We ordered refreshments, the adrenaline hindering my ability to pronounce “Arnold Palmer” correctly. We took a seat outside, eyes catching each other’s before darting away. The nerves started to fade a bit. It didn’t take long for us to carry on from our text chats, building and expanding on the little we already knew about each other.

It was nice to talk to someone in this way. We talked about our lives, interests, hobbies, hopes, dreams. I caught glimpses of her timid smile when her mask came down to take a sip of her iced coffee.

I didn’t bring up my weight loss, my issues with food, my wavering self-esteem or sudden bouts of depression. One doesn’t discuss those things on a first date. The past two years of my life involved undertaking a never-ending journey of self-love, acceptance, purpose and self-care. To say it was exhausting was putting it lightly.

I had had enough. I was done with online dating. I decided to remove my profile from SilverSingles. But that very day, I found a new profile waiting for me.

But in the hours we spent that day sharing little parts of ourselves — our stories, our voices, long glances, little laughs and witty comments — it truly felt like a much-deserved rest.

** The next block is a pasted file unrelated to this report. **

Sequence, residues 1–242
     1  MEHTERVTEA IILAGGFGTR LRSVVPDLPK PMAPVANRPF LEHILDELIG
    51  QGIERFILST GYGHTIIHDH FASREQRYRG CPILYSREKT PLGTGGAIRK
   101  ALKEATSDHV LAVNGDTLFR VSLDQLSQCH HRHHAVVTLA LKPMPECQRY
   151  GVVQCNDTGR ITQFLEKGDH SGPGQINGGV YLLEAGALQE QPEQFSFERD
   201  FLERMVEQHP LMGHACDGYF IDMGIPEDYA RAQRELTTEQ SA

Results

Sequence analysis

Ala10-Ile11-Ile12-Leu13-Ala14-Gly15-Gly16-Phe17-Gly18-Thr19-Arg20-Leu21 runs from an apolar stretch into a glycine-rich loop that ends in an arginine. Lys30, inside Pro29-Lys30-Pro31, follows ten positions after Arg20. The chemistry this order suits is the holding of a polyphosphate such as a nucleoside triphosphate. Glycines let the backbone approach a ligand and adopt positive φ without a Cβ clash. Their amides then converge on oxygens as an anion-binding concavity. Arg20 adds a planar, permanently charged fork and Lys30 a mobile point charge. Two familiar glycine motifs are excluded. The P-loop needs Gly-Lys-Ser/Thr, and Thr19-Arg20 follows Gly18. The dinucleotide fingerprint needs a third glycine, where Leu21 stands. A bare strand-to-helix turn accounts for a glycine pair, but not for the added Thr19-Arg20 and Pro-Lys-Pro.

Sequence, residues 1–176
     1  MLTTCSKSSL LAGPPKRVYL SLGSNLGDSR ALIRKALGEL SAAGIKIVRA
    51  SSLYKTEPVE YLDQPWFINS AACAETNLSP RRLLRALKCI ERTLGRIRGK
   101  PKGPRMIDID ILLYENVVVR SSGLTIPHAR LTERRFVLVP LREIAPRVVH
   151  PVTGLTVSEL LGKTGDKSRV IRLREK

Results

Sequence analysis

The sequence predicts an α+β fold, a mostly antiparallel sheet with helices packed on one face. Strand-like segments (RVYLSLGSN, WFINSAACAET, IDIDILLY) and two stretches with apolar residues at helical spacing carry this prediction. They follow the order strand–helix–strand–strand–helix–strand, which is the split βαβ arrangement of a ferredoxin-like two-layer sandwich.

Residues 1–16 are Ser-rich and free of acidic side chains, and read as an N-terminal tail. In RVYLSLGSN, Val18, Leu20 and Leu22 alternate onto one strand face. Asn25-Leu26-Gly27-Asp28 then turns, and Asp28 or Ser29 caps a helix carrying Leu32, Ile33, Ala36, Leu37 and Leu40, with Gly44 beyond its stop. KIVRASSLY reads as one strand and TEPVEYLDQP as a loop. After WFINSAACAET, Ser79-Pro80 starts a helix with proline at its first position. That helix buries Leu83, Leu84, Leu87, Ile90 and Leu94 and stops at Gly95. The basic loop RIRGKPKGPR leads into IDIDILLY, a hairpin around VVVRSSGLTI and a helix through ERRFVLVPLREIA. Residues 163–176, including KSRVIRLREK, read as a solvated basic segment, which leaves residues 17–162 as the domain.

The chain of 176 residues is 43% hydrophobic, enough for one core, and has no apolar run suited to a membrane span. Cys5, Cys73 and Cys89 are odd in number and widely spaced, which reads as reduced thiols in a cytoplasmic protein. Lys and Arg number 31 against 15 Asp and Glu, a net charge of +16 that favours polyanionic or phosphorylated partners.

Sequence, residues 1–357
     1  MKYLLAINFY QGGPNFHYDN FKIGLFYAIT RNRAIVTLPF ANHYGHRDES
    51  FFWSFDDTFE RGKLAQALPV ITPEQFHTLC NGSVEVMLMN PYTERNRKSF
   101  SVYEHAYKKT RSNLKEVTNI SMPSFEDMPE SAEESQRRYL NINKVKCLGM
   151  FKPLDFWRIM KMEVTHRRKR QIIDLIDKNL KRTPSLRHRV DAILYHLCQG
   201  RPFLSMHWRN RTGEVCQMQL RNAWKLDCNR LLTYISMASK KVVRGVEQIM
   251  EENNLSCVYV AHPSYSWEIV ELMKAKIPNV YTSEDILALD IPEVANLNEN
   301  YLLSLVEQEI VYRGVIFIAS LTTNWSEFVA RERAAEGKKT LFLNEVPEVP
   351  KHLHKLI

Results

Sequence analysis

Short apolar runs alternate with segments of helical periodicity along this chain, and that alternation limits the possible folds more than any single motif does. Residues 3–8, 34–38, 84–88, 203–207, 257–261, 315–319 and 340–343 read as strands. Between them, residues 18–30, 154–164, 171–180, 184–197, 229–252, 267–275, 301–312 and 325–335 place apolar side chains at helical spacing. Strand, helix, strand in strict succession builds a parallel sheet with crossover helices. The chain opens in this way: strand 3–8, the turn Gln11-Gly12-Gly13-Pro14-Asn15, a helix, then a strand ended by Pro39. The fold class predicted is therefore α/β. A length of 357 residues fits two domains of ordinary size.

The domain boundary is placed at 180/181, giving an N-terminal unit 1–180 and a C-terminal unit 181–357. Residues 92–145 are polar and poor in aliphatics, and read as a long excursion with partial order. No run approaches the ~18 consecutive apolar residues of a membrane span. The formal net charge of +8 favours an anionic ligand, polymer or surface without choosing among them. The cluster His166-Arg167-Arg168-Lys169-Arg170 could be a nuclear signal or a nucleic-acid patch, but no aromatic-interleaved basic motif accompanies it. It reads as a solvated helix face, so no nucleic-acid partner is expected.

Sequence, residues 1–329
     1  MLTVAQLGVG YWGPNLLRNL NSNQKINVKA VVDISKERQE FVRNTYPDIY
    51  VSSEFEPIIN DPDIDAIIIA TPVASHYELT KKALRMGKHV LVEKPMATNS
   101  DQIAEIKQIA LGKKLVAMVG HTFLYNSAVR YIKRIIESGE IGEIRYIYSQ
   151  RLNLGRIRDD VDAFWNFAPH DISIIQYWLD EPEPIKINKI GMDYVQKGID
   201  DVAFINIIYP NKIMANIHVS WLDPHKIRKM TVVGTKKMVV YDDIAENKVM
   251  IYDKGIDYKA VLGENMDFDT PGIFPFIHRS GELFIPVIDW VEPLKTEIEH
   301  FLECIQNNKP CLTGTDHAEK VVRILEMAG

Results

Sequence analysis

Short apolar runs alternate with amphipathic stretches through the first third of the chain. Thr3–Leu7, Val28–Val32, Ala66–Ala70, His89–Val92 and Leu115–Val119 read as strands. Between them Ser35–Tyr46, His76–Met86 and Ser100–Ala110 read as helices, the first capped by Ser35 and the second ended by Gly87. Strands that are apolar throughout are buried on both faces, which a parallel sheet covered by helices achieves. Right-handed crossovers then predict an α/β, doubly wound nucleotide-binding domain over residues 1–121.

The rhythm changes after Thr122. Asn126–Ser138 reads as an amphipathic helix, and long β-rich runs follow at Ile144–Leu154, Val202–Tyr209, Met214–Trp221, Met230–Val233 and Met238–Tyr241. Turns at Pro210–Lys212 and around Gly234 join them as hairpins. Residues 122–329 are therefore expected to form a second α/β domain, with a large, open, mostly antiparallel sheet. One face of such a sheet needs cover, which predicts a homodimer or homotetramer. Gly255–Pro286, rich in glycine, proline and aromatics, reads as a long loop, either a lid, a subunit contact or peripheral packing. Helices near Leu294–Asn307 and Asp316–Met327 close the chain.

We found ourselves on a bench overlooking Echo Park Lake late into the evening, just in time to see the swan boat lights burst into life. The silence between us was pleasant, a comfort in each other’s presence as we shared spoonfuls of esquite from a nearby vendor.

I looked over at her.

“Do you think you’d want to do this again?” I asked.

“Yes, I think I’d like that.”

The author is a writer and high school teacher pursuing his graduate degree in English at Cal State Los Angeles. He and Liz continue to date, seeking out indie bookstores and coffee shops whenever they can.

L.A. Affairs chronicles the search for romantic love in all its glorious expressions in the L.A. area, and we want to hear your true story. We pay $300 for a published essay. Email You can find submission guidelines here. You can find past columns here.